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The man who stepped out of the bar was afflicted with what he decided was some kind of permanent scowl syndrome. It had to be hurting his head to keep his brow all close together like that, jaw clenched, but he didn’t seem to notice. He was short and broad and kinda mean-looking, but he was the only person he’d seen in hours, so…

“Any change?”

The man blinked at him, noticing him for the first time. His eyes were strange – he couldn’t pin it. They were in shadow, so he couldn’t quite make them out. “What?” asked the man. His face hadn’t loosened up at all.

“Spare any change, sir?” he repeated, as politely as he could manage on an empty stomach and tired eyes.

He grunted, eyes sliding off him and back into the bare midnight street, and he pulled a packet of cigars out of his back pocket. “No, sorry.”

He tipped his head. “Thanks for your consideration.”

The brim of the man’s hat came back up after he’d lit his cigar from the matchbook in his wallet, and he was watching him with an almost curious eye. It had an amber glint in the glow of the cigar, and it was sharp, but kind of wary. Soldier-like, maybe… experienced eyes.

He felt suddenly self-conscious, under a stranger’s gaze – it had been so long since anybody gave him more than a once-over. He sat up a little straighter, trying to exude I wasn’t always like this. And so what if he was, really? Why did that matter? Why did he have to come from somewhere more fortunate to deserve anybody’s charity?

“You’re sleepin’ on the street?” he asked, around the cigar between his teeth.

He had to bite back the ‘obviously.’ What kind of people did he know, that hunkered down on the curb outside of bars and begged for scraps when they had some warm bed and full pantry to go to? But he mustn’t snark. He’d got a beating for less, from less mean-looking guys than this. Charm, always charm. Be polite or you’ll be in the dirt. “Sure am,” he answered. “Tryin’ to, anyway.”

The man said, “Hm,” and the frown etched deeper into his face. From the wallet still in his hands, he fished a note and handed it to him.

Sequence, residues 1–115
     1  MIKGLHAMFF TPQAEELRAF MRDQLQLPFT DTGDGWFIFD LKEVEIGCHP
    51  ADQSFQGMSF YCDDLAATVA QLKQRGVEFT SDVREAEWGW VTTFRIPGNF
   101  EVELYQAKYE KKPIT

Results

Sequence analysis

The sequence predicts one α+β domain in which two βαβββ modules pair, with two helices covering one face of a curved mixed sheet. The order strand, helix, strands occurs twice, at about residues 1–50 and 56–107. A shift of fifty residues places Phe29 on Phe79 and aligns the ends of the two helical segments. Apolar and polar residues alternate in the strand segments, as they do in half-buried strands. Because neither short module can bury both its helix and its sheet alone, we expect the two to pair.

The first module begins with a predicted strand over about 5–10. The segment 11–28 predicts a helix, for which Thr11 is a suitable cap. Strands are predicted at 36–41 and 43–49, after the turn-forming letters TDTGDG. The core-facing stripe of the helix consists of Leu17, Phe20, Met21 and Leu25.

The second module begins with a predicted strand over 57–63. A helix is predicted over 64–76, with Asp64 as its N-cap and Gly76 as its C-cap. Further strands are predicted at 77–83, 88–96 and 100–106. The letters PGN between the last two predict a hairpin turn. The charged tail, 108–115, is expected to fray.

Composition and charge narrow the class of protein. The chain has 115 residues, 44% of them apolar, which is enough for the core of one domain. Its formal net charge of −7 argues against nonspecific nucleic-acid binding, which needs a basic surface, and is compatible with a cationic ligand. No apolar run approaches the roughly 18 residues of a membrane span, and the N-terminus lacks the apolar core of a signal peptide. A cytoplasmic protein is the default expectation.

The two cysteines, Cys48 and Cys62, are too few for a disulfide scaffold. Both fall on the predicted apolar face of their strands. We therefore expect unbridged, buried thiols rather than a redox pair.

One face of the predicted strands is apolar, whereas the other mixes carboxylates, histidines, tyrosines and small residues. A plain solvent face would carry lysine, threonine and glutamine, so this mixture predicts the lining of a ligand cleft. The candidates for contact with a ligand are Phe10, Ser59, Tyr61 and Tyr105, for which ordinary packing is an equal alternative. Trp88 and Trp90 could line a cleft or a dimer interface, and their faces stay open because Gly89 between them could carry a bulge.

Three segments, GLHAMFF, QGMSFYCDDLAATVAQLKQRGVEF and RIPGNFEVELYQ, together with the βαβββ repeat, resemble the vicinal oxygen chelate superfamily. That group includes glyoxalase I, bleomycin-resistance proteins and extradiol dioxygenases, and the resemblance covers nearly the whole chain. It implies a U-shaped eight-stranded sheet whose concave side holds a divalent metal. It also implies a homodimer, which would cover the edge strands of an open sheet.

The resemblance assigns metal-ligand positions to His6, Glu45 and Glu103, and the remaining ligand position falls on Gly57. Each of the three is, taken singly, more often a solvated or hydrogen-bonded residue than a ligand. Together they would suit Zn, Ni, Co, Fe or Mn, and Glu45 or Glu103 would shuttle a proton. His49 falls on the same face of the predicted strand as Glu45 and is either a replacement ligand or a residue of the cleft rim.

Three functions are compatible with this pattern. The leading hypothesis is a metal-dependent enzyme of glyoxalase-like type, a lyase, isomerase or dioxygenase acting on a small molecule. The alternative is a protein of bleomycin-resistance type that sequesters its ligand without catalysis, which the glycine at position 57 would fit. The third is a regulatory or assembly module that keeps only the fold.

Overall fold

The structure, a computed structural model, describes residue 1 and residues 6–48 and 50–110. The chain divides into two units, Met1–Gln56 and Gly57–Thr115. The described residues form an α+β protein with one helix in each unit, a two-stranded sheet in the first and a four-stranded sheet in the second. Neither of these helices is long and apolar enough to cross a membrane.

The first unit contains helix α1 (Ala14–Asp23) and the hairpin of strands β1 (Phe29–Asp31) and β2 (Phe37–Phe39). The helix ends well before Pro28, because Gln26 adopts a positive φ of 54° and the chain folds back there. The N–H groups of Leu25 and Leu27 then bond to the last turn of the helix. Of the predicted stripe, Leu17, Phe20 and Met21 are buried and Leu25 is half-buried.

“Thank you kindly,” he said, and then choked on his breath, seeing the number inked onto the bill and squinting at it hard. He held it to the lamp, and it illuminated the ‘50’ true as anything. “This is a fifty.”

“Yup. Sure is,” said the man, tucking his wallet away.

“Thank you,” he repeated, unsure what else he could say. “Really, I… you don’t know how much I… thank you.”

“Don’t mention it,” muttered the stranger, dragging nicotine out of his cigar and exhaling so much that it obscured his face. His words felt almost like a shadowed warning, and he swallowed, staring at the note in his hand for another second before he folded it up and tucked it safely into the inside pocket of his coat.

When the smoke dissipated a little more, the man flicked a glance to him on the ground, as if thinking he would have vanished in the time it took for the air to clear. “You not eager to spend that?” he asked. A brush-off if he ever heard one, but he was too intrigued to move.

“I’m not one to run from interesting company,” he said.

The man scoffed and took another drag. “You should. For your own sake. Nobody who knows what’s good for them gets interested in me.” And it was odd, that wasn’t a threat, exactly, more of a warning. Somebody who was tired of the way he was living, but resigned to it. Everything he said created another layer of mystery to this strange character in front of him. At seeing his eyes still on him, the man grunted and took his cigar from his mouth, rummaging in his pocket with his other hand.

“Here,” said the man, who was feeling more and more like a dream every second as he dropped a single key into his hand. The logo on the chain was for the motel a few blocks from here. Room 54.

“I can’t take this,” he protested, trying to hand the key back to him.

He just smirked, the rest of his face shadowed by his hat. He stubbed out his cigar on the ashtray on top of the garbage can on his way past. “I think you already did, kid. Get a good night’s sleep and forget about me. Y’hear?”


Any change?

Some. A nickel and dime, here and there.

It wasn’t like he could stop being a killer. He’d always be one, didn’t matter if he swore off killing for the rest of his life, however long that ended up being. He’d always be a man who had killed. But he could change in other ways.

So he made funny faces at babies when their parents weren’t looking. Bought a hockey fan a beer at a bar. Punched out a mugger. Gave some cash to somebody living on the street. A kind act whenever he could spare it. Nickels and dimes.

He’d reclaim the way kindness felt under his skin until it belonged to him. He wouldn’t get close, never close, lest the people he was trying to pass as belonging to got cut by the razor blades under his skin. He’d keep his distance. Be rude and brash if he had to, to keep them out of harm’s way. But not cruel. What would be the point of escaping Weapon X if he was going to stay cruel?

So, any change?

Same old, same old. Nickels and dimes.